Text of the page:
I would like to get a research position in mathematics over the summer to deepen my understanding and help me to decide whether I want to be a research professor or a teaching professor. I also hope that securing a research position will make me a better candidate for graduate programs in mathematics. This would be my first research position and I am excited to get started!
This job was tons of fun! I led my own discussion section given some basic set of worksheets to start with (at the start I had some support from Student Learning Center tutor staff, but it quickly became just me and the students). Near the beginning, as I was finding my footing, I would stick closer to the worksheets (especially because I did not take Math 1B at Berkeley and some of the material was different than the Calculus BC material I had in high school). Near the end of the course, I became more creative and posed more of my own original problems. This course was important to me because it was the first course where I tried to be more metacognitive in my approach to teaching and to get the students to be more metacognitive. I also enjoyed the subject and the students were amazing!
This was my main summer project of 2020 and it lasted from late June to mid August. I was leading a discussion section on College Algebra for incoming Freshman students (I also helped grade exams and quizzes and tutor the subject outside of discussion times). The job allowed for some creativity in choosing lesson plans, although the worksheets for the topics were provided by the main instructor. I loved getting to know the students and sharing my cheesy math jokes at the start of discussions!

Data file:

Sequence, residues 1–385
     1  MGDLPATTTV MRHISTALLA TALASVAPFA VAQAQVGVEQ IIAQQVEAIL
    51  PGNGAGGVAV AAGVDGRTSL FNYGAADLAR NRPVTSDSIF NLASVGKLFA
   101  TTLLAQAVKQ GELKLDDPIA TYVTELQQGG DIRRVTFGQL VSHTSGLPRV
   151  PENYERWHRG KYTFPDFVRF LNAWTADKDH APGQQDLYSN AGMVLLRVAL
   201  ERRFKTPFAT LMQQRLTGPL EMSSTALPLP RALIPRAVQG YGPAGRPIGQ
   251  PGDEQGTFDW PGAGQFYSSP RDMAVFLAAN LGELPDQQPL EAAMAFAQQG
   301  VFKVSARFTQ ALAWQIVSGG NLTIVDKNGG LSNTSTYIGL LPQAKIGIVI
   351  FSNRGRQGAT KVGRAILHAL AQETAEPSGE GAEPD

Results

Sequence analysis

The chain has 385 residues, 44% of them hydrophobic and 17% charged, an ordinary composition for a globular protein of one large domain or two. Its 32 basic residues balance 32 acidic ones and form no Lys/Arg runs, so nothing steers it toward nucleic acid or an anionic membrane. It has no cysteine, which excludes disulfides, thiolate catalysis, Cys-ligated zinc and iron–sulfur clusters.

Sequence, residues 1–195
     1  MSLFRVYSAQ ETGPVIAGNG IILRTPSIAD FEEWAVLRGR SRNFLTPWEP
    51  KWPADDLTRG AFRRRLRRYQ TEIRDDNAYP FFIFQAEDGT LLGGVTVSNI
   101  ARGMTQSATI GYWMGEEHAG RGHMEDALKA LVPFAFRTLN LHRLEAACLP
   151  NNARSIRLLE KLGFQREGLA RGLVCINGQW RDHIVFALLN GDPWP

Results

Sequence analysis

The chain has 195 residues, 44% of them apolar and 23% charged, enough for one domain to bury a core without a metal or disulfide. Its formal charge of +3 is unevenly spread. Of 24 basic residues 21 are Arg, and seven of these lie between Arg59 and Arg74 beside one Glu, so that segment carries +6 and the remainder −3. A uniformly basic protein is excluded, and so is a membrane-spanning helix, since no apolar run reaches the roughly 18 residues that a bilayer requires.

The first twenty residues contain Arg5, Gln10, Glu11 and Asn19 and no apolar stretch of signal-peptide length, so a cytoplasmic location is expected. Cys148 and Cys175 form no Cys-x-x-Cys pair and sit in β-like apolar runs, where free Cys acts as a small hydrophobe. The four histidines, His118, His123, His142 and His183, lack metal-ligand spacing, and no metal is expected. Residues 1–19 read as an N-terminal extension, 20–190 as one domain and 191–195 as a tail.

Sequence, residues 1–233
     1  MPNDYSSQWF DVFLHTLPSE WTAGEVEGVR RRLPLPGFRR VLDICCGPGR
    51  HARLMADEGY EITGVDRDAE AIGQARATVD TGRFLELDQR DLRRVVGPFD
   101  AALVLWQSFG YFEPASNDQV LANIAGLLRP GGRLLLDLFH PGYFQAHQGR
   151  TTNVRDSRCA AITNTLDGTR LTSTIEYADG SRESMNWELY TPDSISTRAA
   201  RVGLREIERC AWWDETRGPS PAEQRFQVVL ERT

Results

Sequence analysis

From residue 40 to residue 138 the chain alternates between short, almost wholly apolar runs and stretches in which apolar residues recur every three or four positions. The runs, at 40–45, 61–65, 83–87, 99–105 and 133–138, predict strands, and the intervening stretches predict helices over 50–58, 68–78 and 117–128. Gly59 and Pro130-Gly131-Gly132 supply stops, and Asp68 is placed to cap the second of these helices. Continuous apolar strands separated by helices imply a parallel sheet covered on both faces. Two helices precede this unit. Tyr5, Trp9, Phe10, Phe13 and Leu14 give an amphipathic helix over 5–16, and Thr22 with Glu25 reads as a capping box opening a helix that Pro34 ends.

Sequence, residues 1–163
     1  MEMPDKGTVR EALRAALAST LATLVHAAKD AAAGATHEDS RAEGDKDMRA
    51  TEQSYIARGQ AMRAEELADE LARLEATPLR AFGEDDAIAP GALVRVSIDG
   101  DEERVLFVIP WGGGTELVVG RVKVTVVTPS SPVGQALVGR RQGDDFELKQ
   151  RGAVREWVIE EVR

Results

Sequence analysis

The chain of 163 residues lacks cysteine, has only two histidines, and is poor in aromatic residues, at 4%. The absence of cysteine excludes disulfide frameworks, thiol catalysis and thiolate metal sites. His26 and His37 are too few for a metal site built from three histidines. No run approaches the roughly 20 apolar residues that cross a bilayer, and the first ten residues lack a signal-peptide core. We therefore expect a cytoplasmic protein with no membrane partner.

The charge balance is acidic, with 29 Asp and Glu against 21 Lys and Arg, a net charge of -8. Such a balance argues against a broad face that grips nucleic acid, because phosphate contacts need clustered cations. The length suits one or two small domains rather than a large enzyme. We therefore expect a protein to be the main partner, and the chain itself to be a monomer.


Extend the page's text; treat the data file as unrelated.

My first college tutoring position was helping out with Math 53 (Multivariable Calculus). The job mainly involved helping students who would come to Drop-In tutoring, which was available to all UC Berkeley undergrads who wanted to pop in. For the first semester and a bit of the second, I was helping out in-person at the SLC building, mostly answering questions students had on homework. For the rest of the semester, I persevered remotely via Zoom (it was difficult to write because I did not yet have an XP-Pen tablet that I got to be Workshop Facilitator in the summer). I learned a lot about tutoring through the training. I have realized that tutoring is less about showing the students the tools they need to succeed and more about getting the students to find and use these tools for themselves.
I am currently completing my Junior year at Berkeley. As of now, I am pretty certain I will be majoring in pure math (and not applied math). I have taken several proof-based classes (and all the core requirements for upper division math at Berkeley except Complex Analysis). I particularly enjoyed the math introduced in Math 55 (Discrete Math) and Math 123 (ODEs) and am excited to do Number Theory in the spring!
This will complete my double major at Berkeley. I love philosophy for its clarity, critical thinking, and reflection. I have also considered minoring in Logic, but I am not sure I will have the class space (I also may want to take education or a graduate-level math course if I have extra room). I particularly enjoyed the philosophy discussed in Philosophy 133 (Language) and Philosophy 100 (Methods, whose theme this past fall was identity).
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